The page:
Coffee Chemistry | The Skeptical Chemist

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Caffeine is a rather stable molecule owing to its aromaticity (ten π electrons within its 5,6 ring core). It can be extracted by passing soaked coffee beans through activated charcoal – this ‘caffeine extract’ can then be used in energy drinks and caffeine tablets while the beans sold as ‘decaffeinated’… a waste of good beans, if you ask me.

Chemical Stability. As mentioned earlier, caffeine being stable means it is difficult to break down as the bean is roasted. This results in very dark beans having only slightly less caffeine content than the starting unroasted bean. The majority of other chemicals – that give the aroma and taste characteristic of the bean – are broken down much quicker, that’s why very dark beans lose their coffee-ish taste and taste more like roasted carbon.

Lethal Dose of Caffeine. Okay, we’ll finally get to the part all of you have been waiting for – how much caffeine will kill you? Caffeine enters the bloodstream quickly and is an antagonist of the adenosine receptor in the brain, causes constriction of blood vessels and increasing blood pressure by blocking the effects of adenosine (vasodilation)2. It is metabolized via the cytochrome P450 1A2 pathway in the liver into 3 metabolites, each with further physiological effects.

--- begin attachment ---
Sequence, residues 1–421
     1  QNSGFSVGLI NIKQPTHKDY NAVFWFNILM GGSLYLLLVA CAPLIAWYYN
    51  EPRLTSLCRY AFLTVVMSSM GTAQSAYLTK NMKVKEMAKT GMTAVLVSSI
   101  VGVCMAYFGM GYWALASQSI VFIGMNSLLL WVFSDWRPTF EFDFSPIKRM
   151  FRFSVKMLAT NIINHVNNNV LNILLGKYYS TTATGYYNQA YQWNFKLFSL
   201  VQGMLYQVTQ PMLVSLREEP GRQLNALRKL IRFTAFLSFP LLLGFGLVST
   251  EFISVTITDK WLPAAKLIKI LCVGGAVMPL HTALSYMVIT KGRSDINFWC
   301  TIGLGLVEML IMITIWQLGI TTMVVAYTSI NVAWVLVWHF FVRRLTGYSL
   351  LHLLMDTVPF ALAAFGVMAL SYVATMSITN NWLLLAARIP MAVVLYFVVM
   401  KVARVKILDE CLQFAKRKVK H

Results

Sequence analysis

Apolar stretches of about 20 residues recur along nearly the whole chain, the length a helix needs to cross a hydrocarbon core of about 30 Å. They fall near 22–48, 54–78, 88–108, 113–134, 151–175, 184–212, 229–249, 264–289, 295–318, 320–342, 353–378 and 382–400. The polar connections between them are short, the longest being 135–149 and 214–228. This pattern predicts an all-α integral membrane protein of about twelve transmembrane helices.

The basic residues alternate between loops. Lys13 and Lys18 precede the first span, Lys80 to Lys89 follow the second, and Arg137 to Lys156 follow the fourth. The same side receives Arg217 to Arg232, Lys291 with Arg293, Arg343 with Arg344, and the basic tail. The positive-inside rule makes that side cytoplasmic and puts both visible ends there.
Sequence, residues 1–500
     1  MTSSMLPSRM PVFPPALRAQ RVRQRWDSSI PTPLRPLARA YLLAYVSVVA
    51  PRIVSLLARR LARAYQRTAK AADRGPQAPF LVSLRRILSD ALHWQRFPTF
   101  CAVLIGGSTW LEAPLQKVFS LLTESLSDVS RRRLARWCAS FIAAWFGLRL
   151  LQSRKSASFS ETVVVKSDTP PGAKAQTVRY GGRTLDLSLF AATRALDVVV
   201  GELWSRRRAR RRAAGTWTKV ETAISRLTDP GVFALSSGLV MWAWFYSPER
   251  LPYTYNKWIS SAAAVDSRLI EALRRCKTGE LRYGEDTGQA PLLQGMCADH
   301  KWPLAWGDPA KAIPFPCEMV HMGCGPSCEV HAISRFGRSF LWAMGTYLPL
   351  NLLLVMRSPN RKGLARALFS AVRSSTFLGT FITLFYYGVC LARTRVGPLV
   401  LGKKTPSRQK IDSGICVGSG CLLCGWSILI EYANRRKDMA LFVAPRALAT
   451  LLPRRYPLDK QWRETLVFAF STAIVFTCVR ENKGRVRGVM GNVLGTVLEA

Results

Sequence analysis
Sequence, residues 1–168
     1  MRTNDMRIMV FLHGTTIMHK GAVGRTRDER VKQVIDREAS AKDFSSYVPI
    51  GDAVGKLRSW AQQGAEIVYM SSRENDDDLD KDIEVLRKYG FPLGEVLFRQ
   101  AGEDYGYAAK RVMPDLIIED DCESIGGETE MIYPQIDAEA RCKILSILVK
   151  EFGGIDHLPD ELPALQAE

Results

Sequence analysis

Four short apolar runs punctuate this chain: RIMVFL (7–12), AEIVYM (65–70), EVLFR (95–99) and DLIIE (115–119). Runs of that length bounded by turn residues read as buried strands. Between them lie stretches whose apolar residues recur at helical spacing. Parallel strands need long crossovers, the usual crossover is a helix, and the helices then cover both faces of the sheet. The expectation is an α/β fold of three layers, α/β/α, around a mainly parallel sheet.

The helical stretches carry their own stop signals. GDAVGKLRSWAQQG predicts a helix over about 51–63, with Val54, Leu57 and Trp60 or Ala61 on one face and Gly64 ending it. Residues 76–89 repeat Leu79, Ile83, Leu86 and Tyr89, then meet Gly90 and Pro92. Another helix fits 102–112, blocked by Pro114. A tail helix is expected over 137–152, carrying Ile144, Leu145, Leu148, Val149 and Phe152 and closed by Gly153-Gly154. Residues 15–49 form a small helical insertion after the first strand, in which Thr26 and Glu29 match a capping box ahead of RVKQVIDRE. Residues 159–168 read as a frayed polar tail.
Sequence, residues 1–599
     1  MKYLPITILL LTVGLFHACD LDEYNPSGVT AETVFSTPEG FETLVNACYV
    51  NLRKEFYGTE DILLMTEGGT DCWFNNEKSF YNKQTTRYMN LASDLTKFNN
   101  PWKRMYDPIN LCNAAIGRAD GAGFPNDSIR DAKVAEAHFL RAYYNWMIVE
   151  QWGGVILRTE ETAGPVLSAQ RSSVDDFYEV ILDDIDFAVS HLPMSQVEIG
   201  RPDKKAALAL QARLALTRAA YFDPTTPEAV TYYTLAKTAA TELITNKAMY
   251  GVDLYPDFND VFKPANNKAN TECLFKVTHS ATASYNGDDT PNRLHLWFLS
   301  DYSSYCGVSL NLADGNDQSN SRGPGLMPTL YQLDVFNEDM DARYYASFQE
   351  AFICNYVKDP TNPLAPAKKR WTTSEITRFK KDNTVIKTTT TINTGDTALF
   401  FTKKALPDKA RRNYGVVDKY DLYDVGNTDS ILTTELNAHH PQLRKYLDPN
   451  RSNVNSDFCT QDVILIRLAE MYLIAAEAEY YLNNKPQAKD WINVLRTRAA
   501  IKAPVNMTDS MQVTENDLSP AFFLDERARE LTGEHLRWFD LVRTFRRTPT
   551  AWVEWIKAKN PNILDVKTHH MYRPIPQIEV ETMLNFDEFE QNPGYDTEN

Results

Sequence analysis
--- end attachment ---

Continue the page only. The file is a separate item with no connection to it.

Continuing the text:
Caffeine is a rather stable molecule owing to its aromaticity (ten π electrons within its 5,6 ring core). It can be extracted by passing soaked coffee beans through activated charcoal – this ‘caffeine extract’ can then be used in energy drinks and caffeine tablets while the beans sold as ‘decaffeinated’… a waste of good beans, if you ask me. Chemical Stability. As mentioned earlier, caffeine being stable means it is difficult to break down as the bean is roasted. This results in very dark beans having only

Source: Coffee Chemistry | The Skeptical Chemist

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